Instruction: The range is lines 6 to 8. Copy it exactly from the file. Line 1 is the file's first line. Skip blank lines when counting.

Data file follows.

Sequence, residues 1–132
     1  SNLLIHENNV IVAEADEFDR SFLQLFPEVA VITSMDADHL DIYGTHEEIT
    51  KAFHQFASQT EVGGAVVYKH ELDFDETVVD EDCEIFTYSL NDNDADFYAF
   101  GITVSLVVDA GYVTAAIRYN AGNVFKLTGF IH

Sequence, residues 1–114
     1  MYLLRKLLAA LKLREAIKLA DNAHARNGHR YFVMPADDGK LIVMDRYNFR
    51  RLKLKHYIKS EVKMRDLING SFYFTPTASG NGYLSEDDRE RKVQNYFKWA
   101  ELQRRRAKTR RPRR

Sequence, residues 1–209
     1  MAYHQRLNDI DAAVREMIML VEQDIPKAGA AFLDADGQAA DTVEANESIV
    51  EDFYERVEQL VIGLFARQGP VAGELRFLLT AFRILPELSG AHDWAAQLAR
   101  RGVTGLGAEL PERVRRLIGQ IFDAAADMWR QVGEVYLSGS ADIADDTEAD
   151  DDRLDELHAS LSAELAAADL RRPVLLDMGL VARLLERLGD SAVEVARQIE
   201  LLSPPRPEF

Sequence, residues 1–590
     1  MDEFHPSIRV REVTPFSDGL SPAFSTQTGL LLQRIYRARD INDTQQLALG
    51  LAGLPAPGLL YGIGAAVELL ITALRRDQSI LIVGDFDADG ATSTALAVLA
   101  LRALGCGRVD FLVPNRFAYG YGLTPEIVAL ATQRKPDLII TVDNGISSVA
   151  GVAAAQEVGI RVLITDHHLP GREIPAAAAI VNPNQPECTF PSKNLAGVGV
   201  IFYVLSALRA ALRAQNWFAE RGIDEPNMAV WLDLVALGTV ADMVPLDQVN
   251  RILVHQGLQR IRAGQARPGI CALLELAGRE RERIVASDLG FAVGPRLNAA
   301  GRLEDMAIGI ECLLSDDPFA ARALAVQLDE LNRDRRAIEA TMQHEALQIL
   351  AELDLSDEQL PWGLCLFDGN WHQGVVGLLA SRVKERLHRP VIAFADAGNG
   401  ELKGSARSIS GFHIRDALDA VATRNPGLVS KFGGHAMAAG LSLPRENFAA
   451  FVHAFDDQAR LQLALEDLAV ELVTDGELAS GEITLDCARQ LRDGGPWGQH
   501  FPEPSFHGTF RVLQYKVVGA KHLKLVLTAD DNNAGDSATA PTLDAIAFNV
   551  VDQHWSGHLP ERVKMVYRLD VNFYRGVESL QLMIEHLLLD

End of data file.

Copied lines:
     1  MYLLRKLLAA LKLREAIKLA DNAHARNGHR YFVMPADDGK LIVMDRYNFR
    51  RLKLKHYIKS EVKMRDLING SFYFTPTASG NGYLSEDDRE RKVQNYFKWA
   101  ELQRRRAKTR RPRR